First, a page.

How De Anza’s Thanksgiving tables vary across different cultures

Nikita Bankar

The annual Thanksgiving dinner not only allows one to appreciate those around them and spend time over a meal, but can celebrate culture and the dinner table can look different depending on one’s food traditions.

De Anza English professor Marietta Reber’s chocolate pecan pie on Nov. 24, which became a tradition passed down for generations in her family. (Photo courtesy by Marietta Reber)

De Anza College English professor Marrietta Reber’s staple dish is her chocolate pecan pie. 

“The reason the chocolate pecan pie is on my Thanksgiving table every year is because pecan pie is a fall classic and it’s freaking delicious,” Reber said. “Only my mom improved upon the original version of pecan pie by turning it into a chocolate pecan pie because my dad is a chocoholic, and so am I.”

Reber said that the pie is used both as a way to pass a tradition down through generations and to bring them together during the holiday. 

“It was so fun to see how a recipe for a dish can connect not only generations within the same family, but also people from any setting,” Reber said. “From my grandma, to my mom, to me, to my son who helped me make the chocolate pecan pie this Thanksgiving, to my student — the pie legacy is passed on and savored.”

Jesse Vo, 20, computer science major, had a combination of both traditional American dishes and Vietnamese items, such as sautéed shrimp, egg rolls and soups during his Thanksgiving meal with cousins on Nov. 25. Photo courtesty by Jesse Vo)

De Anza student Jesse Vo, 20, computer science major, said that his Thanksgiving table is filled with not only the expected foods like turkey and vegetables, but also Asian dishes that are cooked by his family members.

Being Vietnamese, Bo said his Thanksgiving is a mixture of two different cultures. Traditionally, a Vietnamese rendition of the holiday would include roasted duck, pork, bánh mì and other varying meats.

“It’s cool, especially combining two traditions from American and Vietnamese food for the holiday,” Vo said. “It’s different every year.”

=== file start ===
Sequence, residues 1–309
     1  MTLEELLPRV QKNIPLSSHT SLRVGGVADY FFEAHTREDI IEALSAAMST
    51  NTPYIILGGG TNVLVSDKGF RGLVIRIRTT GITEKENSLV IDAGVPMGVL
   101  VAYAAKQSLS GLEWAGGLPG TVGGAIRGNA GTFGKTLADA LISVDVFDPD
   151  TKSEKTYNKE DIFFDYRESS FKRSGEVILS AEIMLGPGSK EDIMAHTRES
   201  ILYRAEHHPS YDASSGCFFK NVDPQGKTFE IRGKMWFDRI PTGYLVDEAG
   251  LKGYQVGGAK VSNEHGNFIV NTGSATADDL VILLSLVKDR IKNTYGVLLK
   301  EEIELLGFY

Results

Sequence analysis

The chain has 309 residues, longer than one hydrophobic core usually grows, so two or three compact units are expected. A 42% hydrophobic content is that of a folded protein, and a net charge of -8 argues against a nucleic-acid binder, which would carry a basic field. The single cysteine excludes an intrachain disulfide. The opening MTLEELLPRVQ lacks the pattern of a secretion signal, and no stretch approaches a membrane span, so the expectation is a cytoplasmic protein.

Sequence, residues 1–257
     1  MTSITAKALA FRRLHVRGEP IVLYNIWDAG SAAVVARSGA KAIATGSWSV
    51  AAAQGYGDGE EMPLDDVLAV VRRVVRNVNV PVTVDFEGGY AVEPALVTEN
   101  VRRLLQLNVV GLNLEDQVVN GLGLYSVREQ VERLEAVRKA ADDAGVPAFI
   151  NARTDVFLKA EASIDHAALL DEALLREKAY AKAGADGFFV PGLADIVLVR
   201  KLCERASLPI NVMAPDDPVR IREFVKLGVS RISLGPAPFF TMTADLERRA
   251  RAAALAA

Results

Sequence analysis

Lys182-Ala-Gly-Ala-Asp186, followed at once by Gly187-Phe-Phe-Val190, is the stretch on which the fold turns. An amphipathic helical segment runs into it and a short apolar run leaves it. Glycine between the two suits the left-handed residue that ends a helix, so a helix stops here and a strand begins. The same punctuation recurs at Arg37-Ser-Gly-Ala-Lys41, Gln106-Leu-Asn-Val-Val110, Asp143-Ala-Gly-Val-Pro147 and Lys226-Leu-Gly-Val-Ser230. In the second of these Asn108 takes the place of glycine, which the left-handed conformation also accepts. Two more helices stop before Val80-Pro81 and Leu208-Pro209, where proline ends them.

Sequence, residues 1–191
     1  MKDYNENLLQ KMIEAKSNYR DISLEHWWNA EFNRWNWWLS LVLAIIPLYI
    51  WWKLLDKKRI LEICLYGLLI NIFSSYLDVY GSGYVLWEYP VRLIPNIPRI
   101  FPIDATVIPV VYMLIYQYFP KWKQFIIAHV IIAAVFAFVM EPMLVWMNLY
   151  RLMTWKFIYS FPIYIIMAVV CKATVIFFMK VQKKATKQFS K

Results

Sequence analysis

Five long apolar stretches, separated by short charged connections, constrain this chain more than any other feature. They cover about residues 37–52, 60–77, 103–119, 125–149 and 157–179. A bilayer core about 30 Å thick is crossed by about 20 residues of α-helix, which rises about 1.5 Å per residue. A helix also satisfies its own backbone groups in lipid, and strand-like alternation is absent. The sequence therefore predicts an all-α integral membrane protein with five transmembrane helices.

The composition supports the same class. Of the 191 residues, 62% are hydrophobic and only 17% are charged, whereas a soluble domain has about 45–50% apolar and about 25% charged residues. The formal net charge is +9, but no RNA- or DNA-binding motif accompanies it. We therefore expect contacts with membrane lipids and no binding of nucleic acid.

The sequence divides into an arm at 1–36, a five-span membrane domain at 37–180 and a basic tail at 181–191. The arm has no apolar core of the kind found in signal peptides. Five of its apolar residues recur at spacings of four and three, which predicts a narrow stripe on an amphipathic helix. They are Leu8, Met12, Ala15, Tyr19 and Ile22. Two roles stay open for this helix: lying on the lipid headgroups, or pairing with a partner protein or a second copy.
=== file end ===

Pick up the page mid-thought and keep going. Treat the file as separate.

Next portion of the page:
Vo said that although the food is delicious, quality time is what he values most. 

“What is most important for me is spending time with family,” Vo said.


De Anza student Marlene Farias, 19, sociology major, displays a platter of mixed vegetables with brussels sprouts mushrooms, asparagus and potatoes at her Thanksgiving gathering on Nov. 24. (Photo courtesy by Marlene Farias)

De Anza student Marlene Farias, 19, sociology major, also shared her favorite dish at the table — a mixed plate including potatoes, asparagus, mushrooms and brussel sprouts.

Farias said that Thanksgiving is an opportunity to share special moments with those she loves. 

“It is not often that we all get together as a family and have dinner all at once,” Farias said. “It’s nice having a specific time to gather.”

Anna Mantel, 19, biology major, and her family baked Russian pierogies on Nov. 24, which are often made on special holidays and have many variations. (Photo courtesy by Anna Mantel)

For some students like Anna Mantel, 19, biology major, Thanksgiving allows her to cherish the presence of her loved ones and relax.

“This time is valuable because it gives us meaning as a family to problem solve,” Mantel said. “But at the same time, we can also congratulate each other over some tasty dinner.”

Mantel said her Russian heritage impacts her Thanksgiving traditions because the food that she associates with the holiday differs greatly from traditional American food. 

Mantel’s favorite food is Russian pierogies which are half-circular dumplings stuffed with fillings like potatoes, cheese, sauerkraut and mushrooms. It is a traditional Russian dish which originated in Poland, and is often made to celebrate various holidays.

Karen Ñol, 19, marketing major, shared this photo of Pozole, a Mexican dish, that she and her family added to their Thanksgiving table on Nov. 24. (Photo courtesy by Karen Ñol)

Personalizing Thanksgiving with each individual’s unique culture is something Karen Ñol, 19, marketing major, values about the holiday season.  Ñol said that one of the dishes she had this Thanksgiving was Pozole, which is a traditional Mexican soup including maize and pork. Being Mexican, she said the dish held quite a bit of meaning for her and her family.

“This dish is important because it is traditionally used during holidays and other festive celebrations, especially during Christmas time,” Ñol said.

Ñol also said that although Thanksgiving was not something her family celebrated like other Americans, she still enjoyed the festivities that came along with the special day.

“We have made it a tradition to get together, have delicious food and dessert and give our thanks to god,” Ñol said. “My family has created a different meaning for it — to spend time with family and be thankful for all the good things God has given us in the past year.”